It was too close for comfort

Josefina Salazar
It was a wet and chilly afternoon on Sept. 26 at Pierce College. I just had finished studying in the library and was making my way through the parking lot.
Usually when I’m walking through the parking lot, I like to pick out all the good looking cars. As I began to cross the road, I noticed a nice looking Mazda coming toward me.
I was already in the middle of the street, still walking, and I couldn’t help but to glance up again at that Mazda. And then it dawned on me the car wasn’t slowing down.
I kept my eye on the car and saw the driver wasn’t looking where she was going. She was glancing down because she was texting.
I picked up my pace to a sprint to get out of her way. The driver didn’t see me until I was already 10 feet in front of her.
She had to swerve to her right to keep from hitting me. Even that quick maneuver didn’t prevent her driver side mirror from hitting my backpack.
I wanted to scream at her, “watch where you’re going,” but I was just too speechless. I couldn’t believe I almost became a statistic.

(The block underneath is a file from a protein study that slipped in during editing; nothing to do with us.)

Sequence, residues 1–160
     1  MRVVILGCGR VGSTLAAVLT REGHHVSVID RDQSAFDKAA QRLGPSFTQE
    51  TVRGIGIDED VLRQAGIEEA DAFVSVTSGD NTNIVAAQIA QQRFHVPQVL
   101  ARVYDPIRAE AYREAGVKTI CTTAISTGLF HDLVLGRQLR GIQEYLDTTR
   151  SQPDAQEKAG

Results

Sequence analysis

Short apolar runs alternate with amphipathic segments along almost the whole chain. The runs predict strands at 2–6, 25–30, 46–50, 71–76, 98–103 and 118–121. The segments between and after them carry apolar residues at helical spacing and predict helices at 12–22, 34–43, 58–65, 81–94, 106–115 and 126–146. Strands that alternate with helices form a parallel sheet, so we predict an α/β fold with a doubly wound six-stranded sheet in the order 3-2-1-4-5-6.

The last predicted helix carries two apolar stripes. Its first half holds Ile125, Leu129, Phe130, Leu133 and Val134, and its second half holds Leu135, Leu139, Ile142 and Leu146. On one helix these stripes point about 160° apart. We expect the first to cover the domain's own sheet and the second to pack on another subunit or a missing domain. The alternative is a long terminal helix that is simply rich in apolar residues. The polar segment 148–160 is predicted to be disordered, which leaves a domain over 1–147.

The driver didn’t even have the courtesy to stop and ask if I was okay or say she was sorry. She just kept on driving. Reading her text message was apparently more important to her than my well-being or ultimately my life.
My message is to students is please don’t text, browse your iPod or your GPS while driving. Especially in the college parking lots where your fellow students are commuting.
Let’s keep the parking lots safer places to walk through. Too many incidences occur where people have died because someone was preoccupied using their electronics while operating a moving vehicle.
I almost became one of them.


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It was too close for comfort

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